Do the implications for business cycle issues change when we switch from studying infinitely-lived, representative-agent models to more sophisticated demographic structures with finitely lived agents? This article addresses that question by using a large, overlapping-generations model that is calibrated to U.S. demographic properties, microeconomic evidence, and National Income and Product Accounts. The finding is that the answers obtained are basically the same for the two kinds of models. The article also explores the relative volatility of hours across age groups, an issue that cannot be addressed by using the infinitely-lived, representative-agent abstraction.
Bibliographical noteFunding Information:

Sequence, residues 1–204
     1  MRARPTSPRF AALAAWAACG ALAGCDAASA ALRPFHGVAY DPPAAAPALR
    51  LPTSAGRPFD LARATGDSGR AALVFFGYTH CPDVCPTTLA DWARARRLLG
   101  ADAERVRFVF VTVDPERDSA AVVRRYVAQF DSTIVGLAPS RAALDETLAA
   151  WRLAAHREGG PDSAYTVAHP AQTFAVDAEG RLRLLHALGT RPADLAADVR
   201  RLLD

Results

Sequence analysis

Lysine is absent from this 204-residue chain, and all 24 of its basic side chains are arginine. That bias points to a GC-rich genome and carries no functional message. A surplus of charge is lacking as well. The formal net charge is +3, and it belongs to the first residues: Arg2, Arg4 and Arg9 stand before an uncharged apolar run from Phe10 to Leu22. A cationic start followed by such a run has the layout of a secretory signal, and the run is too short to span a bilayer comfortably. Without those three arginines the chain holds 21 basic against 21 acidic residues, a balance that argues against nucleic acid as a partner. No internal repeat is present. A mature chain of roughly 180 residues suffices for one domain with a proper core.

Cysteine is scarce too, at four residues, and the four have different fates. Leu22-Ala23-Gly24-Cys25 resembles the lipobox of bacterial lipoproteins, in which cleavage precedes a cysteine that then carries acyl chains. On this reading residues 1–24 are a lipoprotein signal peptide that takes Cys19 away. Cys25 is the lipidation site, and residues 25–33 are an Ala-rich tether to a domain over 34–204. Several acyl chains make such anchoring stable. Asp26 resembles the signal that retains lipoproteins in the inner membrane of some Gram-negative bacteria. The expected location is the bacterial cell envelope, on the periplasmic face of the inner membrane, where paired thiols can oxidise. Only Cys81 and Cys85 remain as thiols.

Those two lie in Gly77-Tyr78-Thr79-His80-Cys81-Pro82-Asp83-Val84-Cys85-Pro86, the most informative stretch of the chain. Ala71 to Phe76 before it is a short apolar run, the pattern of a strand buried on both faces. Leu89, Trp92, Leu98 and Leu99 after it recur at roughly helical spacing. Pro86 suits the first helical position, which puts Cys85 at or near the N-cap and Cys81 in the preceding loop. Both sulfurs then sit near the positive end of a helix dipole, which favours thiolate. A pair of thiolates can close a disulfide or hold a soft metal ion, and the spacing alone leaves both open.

Acknowledgements. Parts of this research have been funded by the National Science Foundation. Some of the material in this article is from the second chapter of my dissertation. The help and patience of Ed Prescott and Finn Kydland are acknowledged. Thanks also go to the following persons: the members of my dissertation committee-s-Neil Wallace, Jan Werner, Denis Ahlburg, Ken Wolpin, and Tim Kehoe; Roger Lagunoff; Pat Kehoe; Randy Wright; Stan Zin and two anonymous referees. The views expressed herein are those of the author and not necessarily those of the Federal Reserve Bank of Minneapolis or the Federal Reserve System.